Constitutional Law
Two Ohio courts of appeal have reached different conclusions on the constitutionality of Ohio's domestic violence laws under Ohio's 2004 Marriage Amendment, Article XV, Section 11, of the Ohio Constitution. In State v. Ward, 2006-Ohio-1407, decided March 24, 2006, the 2d District Court of Appeals held that Ohio's Marriage Amendment, renders unconstitutional the application of Ohio's domestic violence laws to persons living as a spouse but unmarried. This decision is contrary to the following other decisions in Ohio: State v. Rodgers (10th District, 3/30/06), 2006-Ohio-1528; State v. Brown (5th Dist., 3/13/06), 2006-Ohio-1181; State v. Rexroad, 2005-Ohio-6790, State v. Nixon, 2006-Ohio-72, and State v. Carswell, 2005-Ohio-6547. With a conflict in the districts, the issue appears ripe to be decided by the Ohio Supreme Court. In the meantime, prosecutors in the Second District may still charge miscreants with assault but not domestic violence.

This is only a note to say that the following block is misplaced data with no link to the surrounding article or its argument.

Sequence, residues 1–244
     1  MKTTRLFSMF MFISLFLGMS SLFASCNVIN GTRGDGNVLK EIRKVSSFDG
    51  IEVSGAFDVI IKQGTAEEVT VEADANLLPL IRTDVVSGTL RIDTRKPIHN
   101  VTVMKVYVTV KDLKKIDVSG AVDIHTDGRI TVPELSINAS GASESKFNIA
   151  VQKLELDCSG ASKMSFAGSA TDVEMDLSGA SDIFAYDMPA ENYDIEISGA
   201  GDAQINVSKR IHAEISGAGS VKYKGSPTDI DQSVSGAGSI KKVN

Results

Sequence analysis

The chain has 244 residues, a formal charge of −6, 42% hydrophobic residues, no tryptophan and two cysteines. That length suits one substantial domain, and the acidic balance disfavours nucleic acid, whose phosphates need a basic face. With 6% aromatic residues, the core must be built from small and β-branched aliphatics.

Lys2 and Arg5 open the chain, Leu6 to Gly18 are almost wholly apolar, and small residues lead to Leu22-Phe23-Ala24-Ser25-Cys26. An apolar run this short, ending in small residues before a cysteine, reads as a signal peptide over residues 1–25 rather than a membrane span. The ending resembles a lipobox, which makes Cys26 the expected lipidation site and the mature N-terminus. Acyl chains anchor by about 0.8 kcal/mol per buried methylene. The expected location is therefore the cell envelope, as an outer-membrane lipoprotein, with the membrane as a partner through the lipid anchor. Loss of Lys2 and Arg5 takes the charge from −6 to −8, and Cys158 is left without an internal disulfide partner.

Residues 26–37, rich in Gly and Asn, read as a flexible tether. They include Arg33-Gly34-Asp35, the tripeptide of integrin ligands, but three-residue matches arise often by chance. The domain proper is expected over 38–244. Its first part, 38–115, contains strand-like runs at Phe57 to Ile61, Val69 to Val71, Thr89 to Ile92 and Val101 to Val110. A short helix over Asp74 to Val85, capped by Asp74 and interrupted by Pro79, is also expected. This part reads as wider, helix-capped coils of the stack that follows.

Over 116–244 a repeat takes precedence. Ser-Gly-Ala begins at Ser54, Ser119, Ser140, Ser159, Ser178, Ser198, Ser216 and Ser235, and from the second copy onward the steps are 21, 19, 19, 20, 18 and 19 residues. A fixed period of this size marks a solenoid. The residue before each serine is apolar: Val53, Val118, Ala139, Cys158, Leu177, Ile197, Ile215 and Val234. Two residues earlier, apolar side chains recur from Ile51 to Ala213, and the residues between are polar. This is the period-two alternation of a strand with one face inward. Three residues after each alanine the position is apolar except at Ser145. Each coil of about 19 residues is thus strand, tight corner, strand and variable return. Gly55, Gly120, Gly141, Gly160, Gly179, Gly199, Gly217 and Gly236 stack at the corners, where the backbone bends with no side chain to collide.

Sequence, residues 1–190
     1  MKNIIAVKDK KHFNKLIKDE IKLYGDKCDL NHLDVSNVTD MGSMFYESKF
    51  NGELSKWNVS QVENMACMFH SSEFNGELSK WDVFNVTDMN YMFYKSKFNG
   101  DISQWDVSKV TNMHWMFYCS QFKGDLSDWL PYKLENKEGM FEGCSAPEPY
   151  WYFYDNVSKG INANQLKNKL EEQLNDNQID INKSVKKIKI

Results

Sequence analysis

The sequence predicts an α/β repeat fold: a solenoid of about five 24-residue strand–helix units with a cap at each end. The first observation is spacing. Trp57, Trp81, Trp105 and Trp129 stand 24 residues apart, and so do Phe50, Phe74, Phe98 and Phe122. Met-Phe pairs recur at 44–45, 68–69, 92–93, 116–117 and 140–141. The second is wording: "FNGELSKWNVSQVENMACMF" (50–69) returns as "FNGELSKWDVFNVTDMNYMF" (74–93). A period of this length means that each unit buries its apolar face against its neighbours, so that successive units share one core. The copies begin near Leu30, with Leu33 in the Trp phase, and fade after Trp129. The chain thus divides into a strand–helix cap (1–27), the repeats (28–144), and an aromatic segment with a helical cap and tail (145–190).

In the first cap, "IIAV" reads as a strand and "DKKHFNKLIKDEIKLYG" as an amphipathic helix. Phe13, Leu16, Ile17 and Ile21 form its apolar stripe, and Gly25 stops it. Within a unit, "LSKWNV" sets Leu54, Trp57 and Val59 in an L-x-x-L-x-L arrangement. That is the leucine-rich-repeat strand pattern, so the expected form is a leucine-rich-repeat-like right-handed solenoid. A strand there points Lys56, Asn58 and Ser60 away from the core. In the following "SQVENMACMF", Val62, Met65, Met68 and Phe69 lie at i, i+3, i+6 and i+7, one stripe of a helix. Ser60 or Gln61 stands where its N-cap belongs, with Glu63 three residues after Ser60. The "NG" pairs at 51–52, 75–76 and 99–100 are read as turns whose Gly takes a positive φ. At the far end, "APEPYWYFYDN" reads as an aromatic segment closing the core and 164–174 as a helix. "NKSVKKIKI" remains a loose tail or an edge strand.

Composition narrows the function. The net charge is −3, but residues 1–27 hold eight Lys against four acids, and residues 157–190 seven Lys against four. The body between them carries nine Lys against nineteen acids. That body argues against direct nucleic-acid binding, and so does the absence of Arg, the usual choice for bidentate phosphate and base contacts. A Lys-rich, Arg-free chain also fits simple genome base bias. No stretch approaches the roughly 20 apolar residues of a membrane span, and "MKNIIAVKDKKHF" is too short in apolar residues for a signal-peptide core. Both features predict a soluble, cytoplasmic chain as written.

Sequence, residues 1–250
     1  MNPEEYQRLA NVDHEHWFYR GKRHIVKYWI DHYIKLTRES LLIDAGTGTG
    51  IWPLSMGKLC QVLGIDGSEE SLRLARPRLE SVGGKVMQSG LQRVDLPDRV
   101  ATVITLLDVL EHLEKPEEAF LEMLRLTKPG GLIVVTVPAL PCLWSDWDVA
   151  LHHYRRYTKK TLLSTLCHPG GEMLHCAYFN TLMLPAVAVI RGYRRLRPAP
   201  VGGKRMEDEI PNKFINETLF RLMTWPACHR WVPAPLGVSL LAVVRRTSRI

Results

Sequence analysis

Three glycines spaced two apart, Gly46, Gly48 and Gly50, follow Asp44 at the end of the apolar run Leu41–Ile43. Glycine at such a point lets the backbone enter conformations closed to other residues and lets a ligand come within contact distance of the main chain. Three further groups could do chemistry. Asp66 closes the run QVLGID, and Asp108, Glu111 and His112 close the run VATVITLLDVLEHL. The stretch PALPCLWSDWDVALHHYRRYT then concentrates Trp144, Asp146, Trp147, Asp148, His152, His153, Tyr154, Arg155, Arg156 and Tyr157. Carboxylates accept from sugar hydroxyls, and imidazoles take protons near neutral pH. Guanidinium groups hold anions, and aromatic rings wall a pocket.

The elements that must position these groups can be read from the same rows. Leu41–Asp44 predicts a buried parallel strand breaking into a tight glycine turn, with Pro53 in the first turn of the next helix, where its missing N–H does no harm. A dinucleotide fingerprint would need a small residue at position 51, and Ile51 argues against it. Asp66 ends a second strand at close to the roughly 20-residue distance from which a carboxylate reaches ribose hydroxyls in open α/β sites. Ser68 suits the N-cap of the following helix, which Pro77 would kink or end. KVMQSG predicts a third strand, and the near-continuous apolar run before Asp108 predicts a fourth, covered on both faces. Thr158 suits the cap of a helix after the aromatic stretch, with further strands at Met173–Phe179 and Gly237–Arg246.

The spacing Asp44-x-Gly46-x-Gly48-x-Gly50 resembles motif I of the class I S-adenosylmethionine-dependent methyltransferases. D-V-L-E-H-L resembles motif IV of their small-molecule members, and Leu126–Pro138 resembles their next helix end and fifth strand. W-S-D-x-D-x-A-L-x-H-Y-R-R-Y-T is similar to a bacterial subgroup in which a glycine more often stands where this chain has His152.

Update: The United States Supreme Court in Obergefell v. Hodges, 576 U.S. ___ (2015) held Ohio Defense of Marriage Amendment unconstitutional insofar as it prevents homosexual marriage.

Municipal Law
In Parker v. Upper Arlington, 2006-Ohio-1649, the 10th District Court of Appeals found that Upper Arlington was entitled to governmental immunity for the design and location of its sidewalk and stop sign at an intersection. A personal injury plaintiff may not disguise an action for damages as an action for declaratory judgment to escape the governmental immunity statute which bars damage actions.